In today’s digital age, just about anyone and everyone has a LinkedIn profile. The truth is, some of them are awesome, and some of them are…well…not so awesome.
Often, a LinkedIn profile falls flat because one of the prime pieces of real estate in a LinkedIn profile (the summary) falls flat.
What is a LinkedIn Summary?
Think of your LinkedIn summary as the first impression you are making with potential employers and collaborators. You can think of it also a bit of like a fishhook, designed to draw people in and get them reading the rest of your profile.
The problem with many LinkedIn summaries is that people mistake them for the more traditional “objective statement” you place on your resume.
Let’s be clear:
A LinkedIn summary and your “resume summary” are wildly different. Your resume summary tends to be targeted to a specific job and company, perhaps even a specific person or department.
Your LinkedIn summary however, is your attempt to connect with and reach out to many different potential employers and collaborators. So, while you don’t want your summary to be muddy, and you want it to accurately reflect what you do and what you offer, it should also be broad enough to appeal to a wider audience.
It’s beneficial before writing your summary to sit down and ask yourself a couple of questions.
- Who are you trying to reach?
- What is it you want them to know about you?
- How do you want them to feel when reading your summary?
Knowing these things can help you to write your summary with intention and your goals in mind. The nice thing about LinkedIn summaries; as your goals change, so can your summary.
First or Third Person?
One key point to keep in mind when it comes to crafting your summary is what point of view should you use? This honestly boils down to personal preference.
However, bear in mind that the most engaging and intriguing LinkedIn summaries are often written in the first person. Third person can be effective when done well, but when done poorly, it can come across as bland and boring.
So you have to be careful when making your choice. Really consider the audience that you are trying to appeal to and the action you want them to take when reading your summary.
Try to avoid being overly salesy. Yes, you want to sell yourself to the reader, but do it in a way that is tasteful and subtle, not overbearing.
You can include third-party mentions in your summary as well, where and when they are relevant. Only include those that are related to your current goals for your summary. Stuffing everything imaginable into your summary is counter-productive.
What Makes a Summary Great
Ultimately, the most effective LinkedIn summaries pique curiosity and connect with the reader, prompting them to learn more about you and what you have to offer.
Authenticity is extremely important, so always strive to make sure your summary reflects the real you. If you wouldn’t say it or do it in person…don’t put it into your summary. You will create a massive disconnect when someone meets you face-to-face.
One last point to bear in mind is that in the online world, attention spans are short. So, while you are allowed 2,000 characters to create your summary, it doesn’t necessarily mean you need to use all of it. Use only as many characters as is required to convey your message. No more, no less.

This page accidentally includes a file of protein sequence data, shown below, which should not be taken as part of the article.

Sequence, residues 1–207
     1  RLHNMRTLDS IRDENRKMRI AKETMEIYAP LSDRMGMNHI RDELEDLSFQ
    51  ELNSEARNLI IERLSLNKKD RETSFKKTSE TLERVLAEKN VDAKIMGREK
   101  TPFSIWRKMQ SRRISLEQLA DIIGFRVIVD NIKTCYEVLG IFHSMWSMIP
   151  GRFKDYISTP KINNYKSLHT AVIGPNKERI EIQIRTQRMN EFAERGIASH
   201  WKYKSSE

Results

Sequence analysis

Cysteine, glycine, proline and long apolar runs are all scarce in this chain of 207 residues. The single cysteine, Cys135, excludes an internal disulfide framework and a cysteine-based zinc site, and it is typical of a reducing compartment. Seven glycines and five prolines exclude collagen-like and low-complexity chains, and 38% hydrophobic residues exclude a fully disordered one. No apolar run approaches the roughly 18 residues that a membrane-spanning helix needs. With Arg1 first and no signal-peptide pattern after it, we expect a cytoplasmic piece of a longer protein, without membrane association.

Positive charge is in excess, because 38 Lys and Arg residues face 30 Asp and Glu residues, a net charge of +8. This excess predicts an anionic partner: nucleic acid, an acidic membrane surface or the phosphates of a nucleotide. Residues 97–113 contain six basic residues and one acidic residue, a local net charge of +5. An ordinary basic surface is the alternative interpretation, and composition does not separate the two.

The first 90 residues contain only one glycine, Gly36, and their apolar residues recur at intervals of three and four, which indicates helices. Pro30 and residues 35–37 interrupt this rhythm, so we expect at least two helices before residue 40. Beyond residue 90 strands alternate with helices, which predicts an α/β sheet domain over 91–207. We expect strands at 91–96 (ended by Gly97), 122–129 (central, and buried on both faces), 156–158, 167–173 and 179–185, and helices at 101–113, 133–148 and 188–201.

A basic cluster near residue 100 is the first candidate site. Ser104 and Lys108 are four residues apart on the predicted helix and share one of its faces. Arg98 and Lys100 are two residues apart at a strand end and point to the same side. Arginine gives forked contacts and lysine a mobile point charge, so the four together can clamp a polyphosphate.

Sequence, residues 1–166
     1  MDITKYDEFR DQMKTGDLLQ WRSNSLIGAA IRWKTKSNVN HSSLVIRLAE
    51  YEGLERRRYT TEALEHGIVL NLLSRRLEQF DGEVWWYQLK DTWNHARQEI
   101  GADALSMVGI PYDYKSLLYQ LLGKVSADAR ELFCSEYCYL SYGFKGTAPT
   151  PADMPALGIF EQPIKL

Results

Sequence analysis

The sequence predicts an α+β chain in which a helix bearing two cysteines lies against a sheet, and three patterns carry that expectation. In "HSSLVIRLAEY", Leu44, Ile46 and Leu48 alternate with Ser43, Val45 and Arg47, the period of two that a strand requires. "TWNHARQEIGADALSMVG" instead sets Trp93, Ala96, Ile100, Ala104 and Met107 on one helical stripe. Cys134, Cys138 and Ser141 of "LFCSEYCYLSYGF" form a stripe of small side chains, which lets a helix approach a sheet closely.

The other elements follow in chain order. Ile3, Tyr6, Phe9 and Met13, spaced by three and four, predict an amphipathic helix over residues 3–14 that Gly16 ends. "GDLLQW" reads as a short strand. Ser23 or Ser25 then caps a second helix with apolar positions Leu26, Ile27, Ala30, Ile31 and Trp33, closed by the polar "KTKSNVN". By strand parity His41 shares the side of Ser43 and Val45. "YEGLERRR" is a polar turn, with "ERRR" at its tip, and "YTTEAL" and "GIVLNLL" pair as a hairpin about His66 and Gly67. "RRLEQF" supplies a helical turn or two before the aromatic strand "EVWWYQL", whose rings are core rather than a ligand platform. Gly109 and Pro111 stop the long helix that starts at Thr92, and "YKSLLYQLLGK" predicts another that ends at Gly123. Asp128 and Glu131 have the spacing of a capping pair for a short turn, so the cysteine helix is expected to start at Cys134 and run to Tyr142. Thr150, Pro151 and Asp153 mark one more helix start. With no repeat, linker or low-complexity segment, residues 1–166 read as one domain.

Examples of LinkedIn Summaries Done Well
Barbara’s summary is great and makes an excellent example of the third person point of view done well. She uses blunt humor and honesty to convey her message. She also drops relevant hints about her skills and successes, and includes a (very) subtle call-to-action at the end.
David has a good summary that uses the first person point of view. He is authentic and shares a story that piques interest. It clearly speaks about his accomplishments as well as his goals, and you are left with the knowledge that speaking gigs are his thing.
Sean’s summary is short, purposefully outside conventions by using all lower case letters and no capitalization, and fits perfectly with a persona you might expect from a self-proclaimed “serial start-up guy” and disrupter of norms.
Eduardo’s summary is another nice example of first person done well. He leads with his biggest accomplishment (Facebook) and then drops subtle keywords (like “seed investment”) that are related to his industry as a venture capitalist that speaks to his audience, but doesn’t go overboard. He also tells his summary like a story, and drops a little bit of humor and humanity at the end by mentioning his chess and meteorology addictions.
Jay’s summary offers another third person example done right. He uses a succinct and intriguing opening line that hooks the reader. Then he goes on to share his successes and skills, sprinkled with jokes and humor. He clearly states his objective, and you reach the end of the summary knowing exactly who he is, what he does, and how he can help you.
As you can see, a LinkedIn summary is an important piece of social real estate. While there is no single “right” or “wrong” way to do one, it’s important to remember who your audience is, and what your goals are with it. Then communicate to that audience, those goals, in a way that puts your best foot forward. First impressions always matter, and no one gets seconds.
Getting to the Core of Company Values
The Myths About Managing Millennials
The Top Five Reasons You Still Need a Business Card